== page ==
"The aim of musical comedy, of course," says George Abbott, "is to please." Abbott, who has co-authored and produced fifteen musicals and directed ten others, has a reputation in the theater as a ruthless perfectionist whose formula of pace plus "p-zazz" results in a hit nearly every time. This week he has set up out-of-town headquarters at the Ritz Hotel and the Shubert Theater during the pre-Broadway trial of Tenderloin, the tale of "the trial of a boy's soul" during New York's Gay 90's.
Tenderloin stars Maurice Evans in the role of a minister who wishes to woo wastrels from the brothel they love. "It's a serious story," Abbott says. "The fashion of musical comedy has changed so much . . . you can't get away with the spring tra la routines wedged in between unrelated dialogue. The current term is 'integrated' musical comedy." An equally serious show about New York's Mayor La Guardia, "Fiorello," won Abbott a Pulitzer Prize this spring.
A tall, spare, and handsome man with a soldier's bearing, George Abbott began his career as an actor in 1913, after doing post-graduate work at Harvard. "I took Baker's famous playwriting course, English 47," he recalls. "Harvard is a fine university, the finest we have. A very funny thing happened to me there. . . . All year I sat next to the same man; he took laborious notes, I didn't. At the end of the year this fellow turned to me and asked me why I brought the notebook to class at all. I told him that I used my notebook as a kind of decoy. 'Excuse me,' replied this fellow, 'but isn't it pronounced decoy?" Anyway, I thought that was a very Harvard story."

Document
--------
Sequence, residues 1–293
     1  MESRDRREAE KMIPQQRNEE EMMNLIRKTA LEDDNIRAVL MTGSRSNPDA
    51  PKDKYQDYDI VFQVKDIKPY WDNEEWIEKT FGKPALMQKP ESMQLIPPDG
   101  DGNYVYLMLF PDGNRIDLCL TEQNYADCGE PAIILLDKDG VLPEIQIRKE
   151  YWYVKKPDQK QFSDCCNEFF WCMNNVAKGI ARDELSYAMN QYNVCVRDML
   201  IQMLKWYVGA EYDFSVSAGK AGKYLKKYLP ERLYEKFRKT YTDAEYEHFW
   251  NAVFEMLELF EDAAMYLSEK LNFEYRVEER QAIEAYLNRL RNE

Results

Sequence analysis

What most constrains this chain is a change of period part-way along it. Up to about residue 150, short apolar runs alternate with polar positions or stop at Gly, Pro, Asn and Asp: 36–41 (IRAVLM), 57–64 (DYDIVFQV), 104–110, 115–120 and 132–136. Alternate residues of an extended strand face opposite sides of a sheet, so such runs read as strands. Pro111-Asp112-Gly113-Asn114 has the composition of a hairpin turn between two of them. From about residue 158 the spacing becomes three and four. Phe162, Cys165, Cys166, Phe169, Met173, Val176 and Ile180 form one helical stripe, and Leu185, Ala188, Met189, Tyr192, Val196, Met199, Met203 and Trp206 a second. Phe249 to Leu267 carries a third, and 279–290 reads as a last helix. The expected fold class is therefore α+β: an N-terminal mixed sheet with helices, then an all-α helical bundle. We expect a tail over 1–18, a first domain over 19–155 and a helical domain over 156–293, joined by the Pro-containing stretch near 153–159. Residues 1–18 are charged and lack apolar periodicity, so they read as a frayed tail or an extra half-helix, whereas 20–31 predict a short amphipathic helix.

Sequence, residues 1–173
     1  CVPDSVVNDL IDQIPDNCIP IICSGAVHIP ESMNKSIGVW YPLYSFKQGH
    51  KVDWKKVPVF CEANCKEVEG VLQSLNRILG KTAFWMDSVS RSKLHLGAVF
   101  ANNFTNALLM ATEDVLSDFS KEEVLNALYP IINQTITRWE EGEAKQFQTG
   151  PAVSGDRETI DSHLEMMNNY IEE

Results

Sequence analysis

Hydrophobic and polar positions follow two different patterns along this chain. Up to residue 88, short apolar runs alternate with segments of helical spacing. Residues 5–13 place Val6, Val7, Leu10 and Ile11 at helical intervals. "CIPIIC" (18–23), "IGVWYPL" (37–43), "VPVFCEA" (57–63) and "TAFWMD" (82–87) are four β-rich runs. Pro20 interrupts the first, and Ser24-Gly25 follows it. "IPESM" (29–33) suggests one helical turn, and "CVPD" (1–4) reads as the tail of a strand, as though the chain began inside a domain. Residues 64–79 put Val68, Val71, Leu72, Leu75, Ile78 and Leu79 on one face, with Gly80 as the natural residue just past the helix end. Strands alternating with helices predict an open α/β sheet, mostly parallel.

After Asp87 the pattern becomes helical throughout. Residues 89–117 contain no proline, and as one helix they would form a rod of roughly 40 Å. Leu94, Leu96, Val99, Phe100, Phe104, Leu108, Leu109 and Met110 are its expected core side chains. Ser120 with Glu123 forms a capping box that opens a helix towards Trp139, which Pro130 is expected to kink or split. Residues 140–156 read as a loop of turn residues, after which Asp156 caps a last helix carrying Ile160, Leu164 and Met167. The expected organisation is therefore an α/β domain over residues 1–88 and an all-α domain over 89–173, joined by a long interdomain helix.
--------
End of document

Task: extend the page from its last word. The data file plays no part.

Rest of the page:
The list of George Abbottt successes stands as a theater legend: "A Tree Grows in Brooklyn," "Wonderful Town," "Call Me Madam," "Where's Charley?" "Once Upon A Mattress," "Damn Yankees," and "Pajama Game" are some recent "smash hits" with his magical polish. Although he gave up acting for writing and directing in 1919, he returned to the stage to co-star with Mary Martin and Helen Hayes in "The Skin Of Our Teeth," which, the critics agreed, testified to his undiminished acting ability. "It was very hot playing to summer audiences in a fur coat," he remembered. "I could have been playing golf in Puerto Rico."
Unlike many people in his profession, George Abbott does not drink or smoke or talk about himself. He enjoys taking pretty girls out dancing and is especially expert at the cha-cha. Once widowed and once divorced, he has one talented daughter, Judith, and several grandchildren. He drives a new Cadillac and plays good golf for a beginner--he took it up this spring, leaving his tennis cronies looking for a fourth.
Abbott objects to repertory theater on professional grounds. "I don't believe you can put on a good play that way. I believe in type casting, you see, and you can't type cast in repertory. People like it because they think it's arty." He does not, however, object to Off-Broadway, although "it will never take the place of Broadway because the two standards are so different. I don't include the Phoenix Theater in this." About the future of the theatre, George Abbott feels pleased. "American theater is the best in the world now. We have the most ideas, the finest acting. Of course the fashion may change tomorrow. The pendulum may swing back any time."